Captain Kirk of Duty
Call of Duty has been in a strange place for a few years now. The more dismissive folks among the game-buying crowd would tell you that it’s the same game every year with better graphics and a different campaign, but they’re wrong. Each new entry tweaks at least a small part of every facet of the previous year’s game, for better or worse, and Infinite Warfare feels like we’ve reached some critical mass. The campaign is an immensely fun romp, if a bit plodding at times, and while I’m not the biggest fan of their co-op mode, Zombies in Spaceland seems like it’s a solid admission to the Call of Duty Zombies stuff. The biggest gripe with Infinite Warfare is its multiplayer, which feels like last year’s Black Ops III on different maps and with more disgusting microtransactions.
The campaigns in Activision’s premier shooter franchise (Sorry, Destiny) are usually at the very least fun, solid romps through the land of power fantasy and killing faceless bad guys, and Infinite Warfare is no exception. While it’s not the strongest campaign a CoD game has ever had, it still introduces some fresh concepts — like piloting a space jet, or sniping while stealthily space walking through an asteroid field — that play more like interesting additions than gimmicks in service of ferrying you along to the next Big Setpiece Moment. The addition of side missions and unlockable gear go a long way to adding at least some semblance of depth or choice to what has traditionally been an extremely linear experience.
At some point in the near future (I imagine it can’t be too far off — people still use plastic and styrofoam cups and physical keyboards on computers) humanity largely exhausts our natural resources on Earth. In the hopes of securing the human race’s future, colonists are sent to settle Mars and begin mining and transporting resources back to Earth. After a generation or two, the Mars-born colonists get fed up with it, and cut ties with Earth to become a radicalized secessionist state. It’s sort of a tired trope in science fiction at this point, especially when the Martian war cry is “Mars Aeternum,” but despite having played all the Red Faction games, I still enjoy the concept. At any rate, the game begins with the player character, Nick Reyes, conversing with his Admiral friend about how Earth’s government refuses to let them attack the bloodthirsty, savage colonists. This happens during Space Fleet Week, and there are literally capital ships flying around Geneva with people cheering them on. It’s bizarre. I should note that I’ve finished the campaign, and I literally had to go and look up the name of the protagonist, because he’s another Forgettable White Soldier Man who is forced to do very violent things for his country, or planet as the case may be. Regardless of all this, there are still some immensely fun moments to be had, and piloting a space fighter is a very cool way to break up the monotony of “shoot guys, trigger cutscene, shoot more guys.”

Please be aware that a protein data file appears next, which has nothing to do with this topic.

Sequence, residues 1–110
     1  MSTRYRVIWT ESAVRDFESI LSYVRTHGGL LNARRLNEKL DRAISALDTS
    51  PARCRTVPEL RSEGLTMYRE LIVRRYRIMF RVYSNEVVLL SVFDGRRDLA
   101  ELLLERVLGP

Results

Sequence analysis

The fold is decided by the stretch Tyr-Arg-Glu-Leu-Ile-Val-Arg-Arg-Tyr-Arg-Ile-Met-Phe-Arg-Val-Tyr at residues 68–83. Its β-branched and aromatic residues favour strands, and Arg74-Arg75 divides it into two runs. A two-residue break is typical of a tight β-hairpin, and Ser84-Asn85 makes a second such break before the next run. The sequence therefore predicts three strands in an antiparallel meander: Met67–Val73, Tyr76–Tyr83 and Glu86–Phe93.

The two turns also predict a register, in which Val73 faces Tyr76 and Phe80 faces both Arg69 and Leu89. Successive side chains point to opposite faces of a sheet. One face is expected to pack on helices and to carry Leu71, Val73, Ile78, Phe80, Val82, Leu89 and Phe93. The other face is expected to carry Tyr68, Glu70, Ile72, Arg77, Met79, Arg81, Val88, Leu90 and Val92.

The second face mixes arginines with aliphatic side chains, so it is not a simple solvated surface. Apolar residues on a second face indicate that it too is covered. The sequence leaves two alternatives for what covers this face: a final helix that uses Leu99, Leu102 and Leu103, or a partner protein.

The most disappointing aspect of Infinite Warfare is its multiplayer. It feels like hardly anything’s changed since Black Ops III, which is a bummer, because it was one of the more disappointing entries in recent years (Ghosts notwithstanding). Also a bummer is the fact that you’re given a bunch of fun tools with which to move around the environment, while every map is peppered with walls you can’t run across and invisible ceilings and walls that block traversal. It’s a series of bizarre design decisions that severely hampers the entire multiplayer outing, and left me scratching my head and wondering if Infinity Ward even has the chops to get Call of Duty right anymore. In addition to all this, I don’t think the map design is very interesting. There are a ton of incredibly neat locations, but all of them feel boring and uninspired.
Speaking of the multiplayer, let’s talk microtransactions. Infinite Warfare has ’em, and they’re the grossest, most off-putting they’ve ever been. Here’s the general breakdown: Supply drops are back as previously, but the “rare” supply drops — which you can buy with Salvage that you get from playing matches, or spend some real dosh to unlock immediately — contain weapon variants with few, if any, negative attributes. This makes for a potential pay-to-win scenario in which players are forking over real money to get guns that are objectively better than their “free” counterparts. It’s disgusting, and made me want to play the multiplayer even less than I did before.
All of this adds together to make a hot-and-cold Call of Duty experience that’s as redundant as it is novel. It simultaneously feels like Infinity Ward was scared to touch too much of the multiplayer, while creating a campaign that’s the weirdest and most innovative Call of Duty’s ever been (but even that turns out to be a dull, by-the-numbers Space Military story). Perhaps if you enjoyed Black Ops III‘s multiplayer or their Zombies modes in previous years there’s something for you here, but for the asking price of $60 (or more, if you want the full package with Modern Warfare Remastered), I can’t recommend picking it up for the campaign alone.
Final Verdict: 3/5
Available on: PC, PS4 (Reviewed), Xbox One ; Publisher: Activision ; Developer: Infinity Ward ; Players: 1-10 ; Released: November 4th 2016 ; ESRB: M for Mature ; MSRP: $59.99
This reviews is based on a retail copy of Call of Duty: Infinite Warfare purchased by Hey Poor Player.